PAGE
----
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ERIC Number: ED520795
Record Type: Non-Journal
Publication Date: 2010
Pages: 164
Abstractor: As Provided
Reference Count: N/A
ISBN: ISBN-978-1-1242-3380-2
Second Grade Teachers' Literacy Instruction: Linking Beliefs to Practice
Smith, Tracy Marie
ProQuest LLC, Ed.D. Dissertation, California State University, Fresno
Teachers hold beliefs about how children best learn how to read. It is clear from the literature how beliefs are acquired, and that it is possible for beliefs to change. What is not clear is if teachers' beliefs are connected to classroom practices as they relate to teaching reading, and if legislation mandates impact instructional practices. The purpose of this study was to look at second grade teachers' beliefs about how students learn to read, examine instructional practices, and determine factors that may cause a conflict between the two. Another reason for the study was to determine if teachers' instructional practices have had an impact on relationships with their students or had an impression on their feelings toward the teaching profession. One hundred and forty two second grade teachers from four districts in the Central Valley of California served as participants. A researcher created survey in a Likert 1- 4 scale format was used to measure teachers' theoretical beliefs about reading pedagogy and practices as they relate to a behaviorist or constructivist view. An open-ended section of the survey asked if teachers were aware of a disconnect between beliefs and practices, if legislation had on impact on teacher/student relationships, and what their feelings were toward the teaching profession. Follow-up interviews were conducted with three volunteers. Demographic information regarding district, type of school, year of initial teaching, and ethnicity were also collected. There were significant differences between Reading First and non-Reading First teachers, between teachers who began teaching prior to or after 2002, and between Title I and non-Title I teachers on survey items, beliefs, and practices within the classroom. Constructivist responses from the survey were more evident with groups of teachers under less legislative mandates than those with fewer. [The dissertation citations contained here are published with the permission of ProQuest LLC. Further reproduction is prohibited without permission. Copies of dissertations may be obtained by Telephone (800) 1-800-521-0600. Web page:]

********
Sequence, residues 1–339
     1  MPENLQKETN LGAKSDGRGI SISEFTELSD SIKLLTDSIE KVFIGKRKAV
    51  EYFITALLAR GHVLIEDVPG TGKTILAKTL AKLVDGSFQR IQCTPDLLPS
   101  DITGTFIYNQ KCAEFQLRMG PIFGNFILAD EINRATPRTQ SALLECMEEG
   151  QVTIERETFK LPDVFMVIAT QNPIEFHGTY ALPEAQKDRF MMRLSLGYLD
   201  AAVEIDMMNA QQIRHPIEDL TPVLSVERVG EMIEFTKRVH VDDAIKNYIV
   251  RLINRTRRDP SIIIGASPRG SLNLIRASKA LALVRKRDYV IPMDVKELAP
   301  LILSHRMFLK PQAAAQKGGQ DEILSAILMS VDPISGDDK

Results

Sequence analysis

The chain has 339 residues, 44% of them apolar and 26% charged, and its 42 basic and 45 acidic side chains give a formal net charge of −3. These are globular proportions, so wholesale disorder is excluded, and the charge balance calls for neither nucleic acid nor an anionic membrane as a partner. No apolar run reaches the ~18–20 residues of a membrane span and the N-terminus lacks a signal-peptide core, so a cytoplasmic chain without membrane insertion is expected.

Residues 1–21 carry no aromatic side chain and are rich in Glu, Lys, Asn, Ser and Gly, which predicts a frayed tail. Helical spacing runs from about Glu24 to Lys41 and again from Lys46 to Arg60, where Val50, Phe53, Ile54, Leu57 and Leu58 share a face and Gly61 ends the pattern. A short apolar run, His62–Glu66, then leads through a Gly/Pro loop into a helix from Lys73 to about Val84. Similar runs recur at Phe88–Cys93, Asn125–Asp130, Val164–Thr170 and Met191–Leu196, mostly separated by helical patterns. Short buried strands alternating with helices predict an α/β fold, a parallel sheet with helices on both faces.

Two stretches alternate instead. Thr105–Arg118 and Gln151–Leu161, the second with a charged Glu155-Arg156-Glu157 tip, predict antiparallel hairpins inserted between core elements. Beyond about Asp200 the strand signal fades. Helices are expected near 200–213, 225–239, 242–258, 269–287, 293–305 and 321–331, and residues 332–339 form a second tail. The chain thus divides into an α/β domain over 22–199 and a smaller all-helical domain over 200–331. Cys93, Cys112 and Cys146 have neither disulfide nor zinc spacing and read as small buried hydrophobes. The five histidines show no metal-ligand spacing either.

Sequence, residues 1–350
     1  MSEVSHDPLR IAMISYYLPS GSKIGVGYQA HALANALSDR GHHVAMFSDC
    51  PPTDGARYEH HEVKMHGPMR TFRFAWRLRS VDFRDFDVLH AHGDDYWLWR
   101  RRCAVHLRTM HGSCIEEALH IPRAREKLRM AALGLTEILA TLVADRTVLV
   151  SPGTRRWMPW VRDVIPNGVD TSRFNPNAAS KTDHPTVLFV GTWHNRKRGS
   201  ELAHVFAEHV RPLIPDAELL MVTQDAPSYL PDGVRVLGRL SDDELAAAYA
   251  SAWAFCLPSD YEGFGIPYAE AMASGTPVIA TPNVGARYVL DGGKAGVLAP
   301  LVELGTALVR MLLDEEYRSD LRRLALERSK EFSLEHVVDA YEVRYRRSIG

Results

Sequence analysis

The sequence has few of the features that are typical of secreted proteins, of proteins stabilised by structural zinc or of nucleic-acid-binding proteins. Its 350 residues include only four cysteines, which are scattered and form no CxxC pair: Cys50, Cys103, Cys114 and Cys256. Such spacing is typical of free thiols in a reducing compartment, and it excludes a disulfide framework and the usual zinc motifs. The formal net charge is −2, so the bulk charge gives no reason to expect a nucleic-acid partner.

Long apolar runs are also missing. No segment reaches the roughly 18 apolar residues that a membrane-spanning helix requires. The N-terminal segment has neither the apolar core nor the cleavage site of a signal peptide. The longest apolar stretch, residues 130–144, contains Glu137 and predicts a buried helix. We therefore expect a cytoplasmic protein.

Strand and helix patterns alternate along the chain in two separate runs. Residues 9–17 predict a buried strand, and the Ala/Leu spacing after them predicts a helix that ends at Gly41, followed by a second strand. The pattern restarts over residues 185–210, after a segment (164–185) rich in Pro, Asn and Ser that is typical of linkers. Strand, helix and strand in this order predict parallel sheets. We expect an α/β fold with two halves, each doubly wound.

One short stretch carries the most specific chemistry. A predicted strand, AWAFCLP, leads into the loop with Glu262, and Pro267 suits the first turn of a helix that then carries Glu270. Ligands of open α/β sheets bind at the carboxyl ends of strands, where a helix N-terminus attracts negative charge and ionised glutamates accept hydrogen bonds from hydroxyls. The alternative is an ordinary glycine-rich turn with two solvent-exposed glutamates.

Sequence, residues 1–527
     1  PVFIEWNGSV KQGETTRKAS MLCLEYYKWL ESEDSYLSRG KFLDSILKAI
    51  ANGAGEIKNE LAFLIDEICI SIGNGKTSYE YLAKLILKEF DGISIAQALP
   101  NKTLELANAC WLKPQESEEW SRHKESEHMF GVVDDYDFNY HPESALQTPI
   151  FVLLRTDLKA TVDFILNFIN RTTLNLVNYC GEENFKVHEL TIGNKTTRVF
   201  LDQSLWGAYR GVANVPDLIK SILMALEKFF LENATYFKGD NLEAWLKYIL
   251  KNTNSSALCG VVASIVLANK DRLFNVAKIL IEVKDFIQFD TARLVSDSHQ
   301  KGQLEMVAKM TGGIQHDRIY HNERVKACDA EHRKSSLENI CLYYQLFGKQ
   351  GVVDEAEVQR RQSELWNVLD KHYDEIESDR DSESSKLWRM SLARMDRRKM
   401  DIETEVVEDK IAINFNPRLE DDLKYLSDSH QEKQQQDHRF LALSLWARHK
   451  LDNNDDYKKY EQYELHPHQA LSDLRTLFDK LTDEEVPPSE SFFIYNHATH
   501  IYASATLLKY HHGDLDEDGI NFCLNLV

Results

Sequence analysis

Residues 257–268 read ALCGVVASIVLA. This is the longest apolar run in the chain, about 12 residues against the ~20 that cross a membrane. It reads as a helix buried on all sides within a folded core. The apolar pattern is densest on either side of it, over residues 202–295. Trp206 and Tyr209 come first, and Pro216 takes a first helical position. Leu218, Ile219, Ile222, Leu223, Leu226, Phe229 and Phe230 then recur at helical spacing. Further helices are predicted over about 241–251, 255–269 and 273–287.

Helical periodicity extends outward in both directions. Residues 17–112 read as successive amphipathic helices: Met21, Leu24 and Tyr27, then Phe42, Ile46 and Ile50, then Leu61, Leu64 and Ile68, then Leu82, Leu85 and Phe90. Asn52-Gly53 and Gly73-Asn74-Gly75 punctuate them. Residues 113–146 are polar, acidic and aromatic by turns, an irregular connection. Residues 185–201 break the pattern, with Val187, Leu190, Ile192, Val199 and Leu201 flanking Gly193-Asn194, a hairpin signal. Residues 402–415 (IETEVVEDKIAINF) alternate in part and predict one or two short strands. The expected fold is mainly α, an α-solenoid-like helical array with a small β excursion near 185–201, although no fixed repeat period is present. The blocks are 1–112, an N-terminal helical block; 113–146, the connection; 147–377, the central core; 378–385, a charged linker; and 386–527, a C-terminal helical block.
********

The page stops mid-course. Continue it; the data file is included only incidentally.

ProQuest LLC. 789 East Eisenhower Parkway, P.O. Box 1346, Ann Arbor, MI 48106. Tel: 800-521-0600; Web site:
Publication Type: Dissertations/Theses - Doctoral Dissertations
Education Level: Grade 2
Audience: N/A
Language: English
Sponsor: N/A
Authoring Institution: N/A
Identifiers - Location: California